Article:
In order to stop users with this Management Role creating and deleting Distribution Groups, we need to remove the “New-DistributionGroup” and “Remove-DistributionGroup” cmdlets. As before, the built-in RBAC roles are read only so we need to make a writable copy.
New-ManagementRole -Name "Edit-Existing-DG-Only" -Parent MyDistributionGroups
Checking to see the current Management Role Entries, note the New and Remove cmdlets are gone:
Once happy, will assign this custom Role to our new Role Assignment Policy.
New-ManagementRoleAssignment -Policy "DG-Management" -Role Edit-Existing-DG-Only
Note that we can do most RBAC work in ECP after Exchange 2010 SP1, though I still prefer PowerShell as that was what I had to learn initially. Old dog, new tricks etc…..
In order to test the work we have done, the Role Assignment Policy must be assigned to a mailbox. As mentioned above a mailbox can only have a singe Role Assignment Policy at any given time. You can have multiple Role Assignment Policies, and assign one to a given mailbox. You do not have to explicitly assign a Role Assignment Policy, and this is the default behaviour for a mailbox. If you do not explicitly state which one should be used when creating or moving a mailbox to Exchange 2010, Exchange will use the one marked as default. Note it is not necessarily the one called “Default Role Assignment Policy”; that one is created by default, is the only one by default and is initially marked as default. This can be changed to suit your needs. Let’s say you create a Role Assignment Policy that you want 95% of the users to have as it’s your base standard then you can mark it as the default.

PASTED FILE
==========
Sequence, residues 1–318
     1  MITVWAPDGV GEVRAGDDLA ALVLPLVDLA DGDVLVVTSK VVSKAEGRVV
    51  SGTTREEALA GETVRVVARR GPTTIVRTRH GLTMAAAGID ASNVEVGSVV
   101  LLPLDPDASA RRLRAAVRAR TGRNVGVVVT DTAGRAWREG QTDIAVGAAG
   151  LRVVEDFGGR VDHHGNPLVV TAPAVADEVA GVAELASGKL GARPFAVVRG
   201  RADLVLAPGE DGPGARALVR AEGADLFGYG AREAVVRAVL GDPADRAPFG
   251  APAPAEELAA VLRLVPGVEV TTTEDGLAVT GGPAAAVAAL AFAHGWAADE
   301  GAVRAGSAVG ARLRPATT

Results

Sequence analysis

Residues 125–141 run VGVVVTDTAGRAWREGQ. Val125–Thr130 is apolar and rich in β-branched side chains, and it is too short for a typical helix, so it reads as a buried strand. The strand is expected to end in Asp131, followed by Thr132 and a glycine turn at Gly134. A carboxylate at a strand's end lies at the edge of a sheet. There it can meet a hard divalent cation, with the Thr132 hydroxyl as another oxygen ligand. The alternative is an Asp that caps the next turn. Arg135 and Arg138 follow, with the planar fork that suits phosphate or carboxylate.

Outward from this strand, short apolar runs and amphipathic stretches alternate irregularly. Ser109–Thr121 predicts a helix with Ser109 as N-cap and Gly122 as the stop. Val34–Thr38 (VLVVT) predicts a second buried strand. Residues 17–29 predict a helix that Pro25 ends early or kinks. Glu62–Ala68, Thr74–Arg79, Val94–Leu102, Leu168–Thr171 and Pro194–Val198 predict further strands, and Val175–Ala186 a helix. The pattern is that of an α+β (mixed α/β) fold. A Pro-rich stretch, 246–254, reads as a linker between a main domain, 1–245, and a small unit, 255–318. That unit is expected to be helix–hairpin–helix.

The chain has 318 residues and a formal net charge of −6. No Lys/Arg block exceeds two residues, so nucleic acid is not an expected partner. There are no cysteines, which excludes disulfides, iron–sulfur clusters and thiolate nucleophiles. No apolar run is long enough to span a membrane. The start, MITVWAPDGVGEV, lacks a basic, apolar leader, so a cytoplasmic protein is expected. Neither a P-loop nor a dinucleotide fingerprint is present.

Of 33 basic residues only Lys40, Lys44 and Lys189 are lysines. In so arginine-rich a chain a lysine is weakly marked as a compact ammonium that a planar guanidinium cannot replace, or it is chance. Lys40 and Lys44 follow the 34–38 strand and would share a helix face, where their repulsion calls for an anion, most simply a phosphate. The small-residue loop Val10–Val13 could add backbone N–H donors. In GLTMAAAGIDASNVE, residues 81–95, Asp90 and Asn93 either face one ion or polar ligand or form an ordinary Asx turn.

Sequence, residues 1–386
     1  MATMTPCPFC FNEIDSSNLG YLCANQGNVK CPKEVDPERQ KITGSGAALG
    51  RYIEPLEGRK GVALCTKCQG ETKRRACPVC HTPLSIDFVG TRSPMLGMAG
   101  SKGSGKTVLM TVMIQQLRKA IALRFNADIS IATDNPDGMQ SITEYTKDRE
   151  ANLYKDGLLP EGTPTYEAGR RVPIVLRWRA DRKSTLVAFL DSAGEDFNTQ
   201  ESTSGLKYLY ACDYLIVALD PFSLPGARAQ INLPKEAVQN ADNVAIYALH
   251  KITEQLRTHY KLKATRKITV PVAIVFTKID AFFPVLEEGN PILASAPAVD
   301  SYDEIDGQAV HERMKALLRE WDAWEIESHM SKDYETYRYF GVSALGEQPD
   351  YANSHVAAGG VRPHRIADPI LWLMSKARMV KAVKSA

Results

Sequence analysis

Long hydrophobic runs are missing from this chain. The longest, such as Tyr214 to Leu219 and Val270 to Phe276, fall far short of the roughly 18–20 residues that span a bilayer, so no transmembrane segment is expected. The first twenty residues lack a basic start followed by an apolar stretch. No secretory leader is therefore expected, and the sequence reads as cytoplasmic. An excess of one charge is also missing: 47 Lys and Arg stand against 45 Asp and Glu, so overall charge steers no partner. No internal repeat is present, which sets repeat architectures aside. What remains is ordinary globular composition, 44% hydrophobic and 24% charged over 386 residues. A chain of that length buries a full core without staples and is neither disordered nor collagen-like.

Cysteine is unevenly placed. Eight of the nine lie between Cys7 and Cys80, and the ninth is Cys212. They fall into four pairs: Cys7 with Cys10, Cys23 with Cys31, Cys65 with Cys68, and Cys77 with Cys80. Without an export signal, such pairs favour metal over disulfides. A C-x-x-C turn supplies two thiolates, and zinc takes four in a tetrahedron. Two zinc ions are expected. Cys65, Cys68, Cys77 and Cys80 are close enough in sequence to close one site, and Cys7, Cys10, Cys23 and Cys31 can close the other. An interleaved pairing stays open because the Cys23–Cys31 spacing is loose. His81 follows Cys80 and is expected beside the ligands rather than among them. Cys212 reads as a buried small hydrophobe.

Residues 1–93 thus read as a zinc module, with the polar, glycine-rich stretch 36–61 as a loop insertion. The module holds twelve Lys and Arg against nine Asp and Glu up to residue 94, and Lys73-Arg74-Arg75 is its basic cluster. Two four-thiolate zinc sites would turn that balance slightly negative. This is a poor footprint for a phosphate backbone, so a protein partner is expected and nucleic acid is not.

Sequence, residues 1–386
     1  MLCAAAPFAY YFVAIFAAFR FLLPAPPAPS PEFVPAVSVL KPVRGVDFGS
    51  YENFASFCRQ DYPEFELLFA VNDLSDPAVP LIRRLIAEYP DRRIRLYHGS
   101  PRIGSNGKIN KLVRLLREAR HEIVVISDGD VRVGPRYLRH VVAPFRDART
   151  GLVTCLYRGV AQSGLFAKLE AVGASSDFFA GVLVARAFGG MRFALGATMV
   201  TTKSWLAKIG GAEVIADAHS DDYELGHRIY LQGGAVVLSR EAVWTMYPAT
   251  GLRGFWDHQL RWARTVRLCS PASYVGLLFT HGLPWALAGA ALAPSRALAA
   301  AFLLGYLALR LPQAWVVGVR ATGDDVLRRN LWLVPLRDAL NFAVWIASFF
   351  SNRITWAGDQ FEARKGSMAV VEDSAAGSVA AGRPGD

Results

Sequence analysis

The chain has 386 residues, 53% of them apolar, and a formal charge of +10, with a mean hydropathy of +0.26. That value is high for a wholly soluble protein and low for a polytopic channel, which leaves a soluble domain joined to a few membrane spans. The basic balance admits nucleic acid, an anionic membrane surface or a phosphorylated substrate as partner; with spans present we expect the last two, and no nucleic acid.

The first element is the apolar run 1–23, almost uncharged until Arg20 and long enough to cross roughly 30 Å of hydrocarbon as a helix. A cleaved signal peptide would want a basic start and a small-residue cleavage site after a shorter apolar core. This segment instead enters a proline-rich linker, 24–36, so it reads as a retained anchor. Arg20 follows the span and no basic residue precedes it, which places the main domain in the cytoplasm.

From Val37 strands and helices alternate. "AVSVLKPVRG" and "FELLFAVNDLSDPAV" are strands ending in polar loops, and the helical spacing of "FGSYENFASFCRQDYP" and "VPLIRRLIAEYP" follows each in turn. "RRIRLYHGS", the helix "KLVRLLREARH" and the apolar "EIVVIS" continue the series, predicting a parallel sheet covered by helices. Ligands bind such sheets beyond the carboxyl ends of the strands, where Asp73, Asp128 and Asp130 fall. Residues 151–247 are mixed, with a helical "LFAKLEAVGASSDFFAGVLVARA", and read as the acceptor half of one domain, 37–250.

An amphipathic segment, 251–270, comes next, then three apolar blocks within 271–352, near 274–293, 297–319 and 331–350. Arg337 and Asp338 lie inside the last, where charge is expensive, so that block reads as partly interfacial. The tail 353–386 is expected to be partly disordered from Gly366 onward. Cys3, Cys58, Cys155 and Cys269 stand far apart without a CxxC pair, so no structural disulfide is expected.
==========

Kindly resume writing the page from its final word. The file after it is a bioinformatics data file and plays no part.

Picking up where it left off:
Set-RoleAssignmentPolicy -Identity "Contoso Standard" -IsDefault:$true
Viewing all of the Role Assignment Policies shows Contoso Standard is the default. Mailboxes created will now leverage the Contoso Standard Role Assignment Policy unless explicitly stated otherwise. Mailboxes created prior to this point will continue to use their existing Role Assignment Policy and will not automagically change to this new default policy.
Let’s set our test mailbox (user-20) to explicitly use the DG-Management Role Assignment Policy
Set-Mailbox -Identity user-20 -RoleAssignmentPolicy DG-Management
When user-20 then opens up ECP, they have the following capabilities, note that there is no New or Delete button under “Public Groups That I Own”.
For a Distribution Group to show up, it must have the ManagedBy attribute set. In this test org there are several DGs, but only the ones that user-20 has ManagedBy appear.
We can see that the basic steps to tune and customise RBAC are very similar to the previous blog on delegating Mail Enabled Contact creation. There are some differences as we are creating a custom Management Role to be used as part of a Role Assignment Policy though all the concepts still apply.
** – Forget the music and stuff Will Smith, where is Independence Day 2 anyway ?!?!?
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Hi. Thanks for a good explanation on what, how and why.
Its almost the same as this blog from 2009, which I have used a lot.
You're correct that it is similar, but I wanted to take the concepts and expand some aspects. The other reason that I have this here is when I teach Exchange workshops to Microsoft Premier customers, I can point them to a single place and I have the links to hand :)